The Spanish Village by the Sea Protesting Stay-At-Home invites unnecessary risk

This week there were protests against the “stay at home” order issued by the California governor in my hometown of San Clemente, CA. There were several all across the country demanding to open the states and allow people to do what they want with their bodies. Anyone who has spoken to me in the last twenty years knows that, in my opinion, it is the best town ever. The temperature, the beach, the location between two major metropolitan areas but its main draw is its people.

San Clemente underwent a transformation decades ago and that expansion was seen as the end of the “Spanish Village by the Sea” as we knew it. Essentially, a more remote area was opened to development and it was named Talega. These new homes provided a small surf town with an influx of “Talegians.”  

These were “not us” because they moved into the new neighborhoods, big houses and made everything more expensive. SC locals reacted to change as many groups do, but over time everyone adapted to the changes and realized that the newcomers wanted the same things we did. Peace restored Talega brought jobs and opened up new opportunities to businesses that hadn’t seen growth in years. Several breweries have made San Clemente their home and industry flourished. Even the San Clemente Casino, originally opened in 1937, has seen new life after being shuttered for decades re-opened in 2009.

Changes to the way things are sting but we grow to accept them.  Many cultural groups now considered part of the fabric of America were once seen as undesirable Europeans. The influx of new people is scary until we realize that we too were “new people” at some point. Those Talegians and SC locals raised demand for more retail business and where once empty fields reigned now sit the San Clemente Outlets which cleverly link trails right down to the beach blending the new and the old.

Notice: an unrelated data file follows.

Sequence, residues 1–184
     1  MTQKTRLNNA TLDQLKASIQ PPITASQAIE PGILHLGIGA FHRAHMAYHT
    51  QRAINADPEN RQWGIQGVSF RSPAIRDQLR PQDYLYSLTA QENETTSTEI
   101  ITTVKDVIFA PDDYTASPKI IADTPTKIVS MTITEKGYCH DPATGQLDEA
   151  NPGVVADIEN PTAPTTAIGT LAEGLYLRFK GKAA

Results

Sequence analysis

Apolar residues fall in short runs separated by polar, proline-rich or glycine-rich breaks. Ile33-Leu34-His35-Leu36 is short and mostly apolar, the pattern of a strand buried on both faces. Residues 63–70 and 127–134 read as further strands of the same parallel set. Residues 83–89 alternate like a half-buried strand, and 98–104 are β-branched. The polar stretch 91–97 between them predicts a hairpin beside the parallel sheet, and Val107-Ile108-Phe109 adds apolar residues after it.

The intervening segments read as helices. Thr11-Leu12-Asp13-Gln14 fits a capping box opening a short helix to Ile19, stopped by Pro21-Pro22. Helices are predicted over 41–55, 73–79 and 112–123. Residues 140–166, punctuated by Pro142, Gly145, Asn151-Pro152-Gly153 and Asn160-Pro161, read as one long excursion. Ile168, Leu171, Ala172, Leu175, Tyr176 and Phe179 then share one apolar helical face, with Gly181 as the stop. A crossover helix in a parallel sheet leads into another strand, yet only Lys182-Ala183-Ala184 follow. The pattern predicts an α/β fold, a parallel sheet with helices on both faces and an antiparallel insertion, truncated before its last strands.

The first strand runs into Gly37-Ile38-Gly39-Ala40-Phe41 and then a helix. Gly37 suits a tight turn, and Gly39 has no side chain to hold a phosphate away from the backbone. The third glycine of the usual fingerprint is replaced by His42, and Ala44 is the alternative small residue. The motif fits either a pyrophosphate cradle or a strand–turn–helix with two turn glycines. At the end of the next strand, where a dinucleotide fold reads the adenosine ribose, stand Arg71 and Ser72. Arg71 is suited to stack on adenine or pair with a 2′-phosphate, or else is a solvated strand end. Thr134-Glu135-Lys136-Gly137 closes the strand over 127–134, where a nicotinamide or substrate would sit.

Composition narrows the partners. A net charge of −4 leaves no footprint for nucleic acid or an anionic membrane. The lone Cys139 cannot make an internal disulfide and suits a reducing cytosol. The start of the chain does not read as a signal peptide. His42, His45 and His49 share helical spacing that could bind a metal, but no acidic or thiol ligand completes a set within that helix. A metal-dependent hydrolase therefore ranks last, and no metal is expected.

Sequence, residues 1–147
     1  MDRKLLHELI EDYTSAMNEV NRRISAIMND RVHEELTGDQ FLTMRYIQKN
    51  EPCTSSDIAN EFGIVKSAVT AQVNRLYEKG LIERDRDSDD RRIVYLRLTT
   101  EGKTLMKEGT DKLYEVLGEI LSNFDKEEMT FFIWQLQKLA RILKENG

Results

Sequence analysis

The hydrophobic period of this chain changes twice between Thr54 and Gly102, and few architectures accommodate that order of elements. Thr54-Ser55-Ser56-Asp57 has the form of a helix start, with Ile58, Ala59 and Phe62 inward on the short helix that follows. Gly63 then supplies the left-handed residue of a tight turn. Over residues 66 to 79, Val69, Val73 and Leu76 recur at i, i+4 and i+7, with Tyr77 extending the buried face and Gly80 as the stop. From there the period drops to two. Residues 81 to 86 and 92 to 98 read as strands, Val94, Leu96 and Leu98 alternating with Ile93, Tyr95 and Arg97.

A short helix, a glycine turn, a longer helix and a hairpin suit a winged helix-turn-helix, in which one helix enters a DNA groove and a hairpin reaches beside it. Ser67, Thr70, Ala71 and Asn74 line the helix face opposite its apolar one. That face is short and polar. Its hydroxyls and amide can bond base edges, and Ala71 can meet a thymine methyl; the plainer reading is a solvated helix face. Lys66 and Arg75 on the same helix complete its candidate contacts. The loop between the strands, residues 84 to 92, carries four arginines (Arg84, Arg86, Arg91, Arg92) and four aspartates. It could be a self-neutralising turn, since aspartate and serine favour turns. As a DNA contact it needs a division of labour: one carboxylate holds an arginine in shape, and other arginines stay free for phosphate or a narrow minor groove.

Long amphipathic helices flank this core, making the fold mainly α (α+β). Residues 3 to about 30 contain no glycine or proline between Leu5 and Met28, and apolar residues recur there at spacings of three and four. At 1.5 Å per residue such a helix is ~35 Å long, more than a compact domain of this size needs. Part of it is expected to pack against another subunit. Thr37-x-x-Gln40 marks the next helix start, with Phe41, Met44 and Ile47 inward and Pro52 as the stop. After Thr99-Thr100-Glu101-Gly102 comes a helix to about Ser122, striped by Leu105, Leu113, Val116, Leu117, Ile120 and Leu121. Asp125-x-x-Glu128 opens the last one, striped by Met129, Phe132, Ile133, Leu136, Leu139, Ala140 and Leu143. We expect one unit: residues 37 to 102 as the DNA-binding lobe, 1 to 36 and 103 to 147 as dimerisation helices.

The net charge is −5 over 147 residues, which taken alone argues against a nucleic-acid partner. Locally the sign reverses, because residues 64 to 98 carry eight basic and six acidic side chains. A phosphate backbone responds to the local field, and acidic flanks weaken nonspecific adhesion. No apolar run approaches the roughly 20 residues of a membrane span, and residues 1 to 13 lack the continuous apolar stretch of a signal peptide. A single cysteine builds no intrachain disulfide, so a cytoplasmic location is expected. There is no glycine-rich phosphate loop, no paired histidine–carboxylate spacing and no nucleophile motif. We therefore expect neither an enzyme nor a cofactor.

Protesting is intertwined with American Culture since before we were “These United States.” We protested taxes on tea, had a little party in Boston and the rest is history. This is an unprecedented time in our history when we are torn apart by a foe that separates families such that men and women die alone without seeing their loved ones ever again. Throughout our history the American Citizen has been asked to do things against their will. During the world wars the government asked the populous to purchase war bonds to support the effort. When an army needed to be raised post Pearl Harbor there was a military draft.  

This is a global pandemic. For the sake of argument let’s assume every official figure is wrong. Let’s assume that the whole thing is blown out of proportion. The fact is Covid-19 is the cause of death of many in the United States, every state has reported cases, and at this point there is no vaccine.

Is my ability to get a haircut or sit in a restaurant worth the risk of spread? Is my imprudent desire more important than my neighbors health? Is the price of social distancing too high to pay? On balance is a short period of difficulty worth the safety of our community? Yes. The right thing to do is to run the risk of believing the experts. At worst the economy struggles but no amount of money is worth the life and health of these United States.

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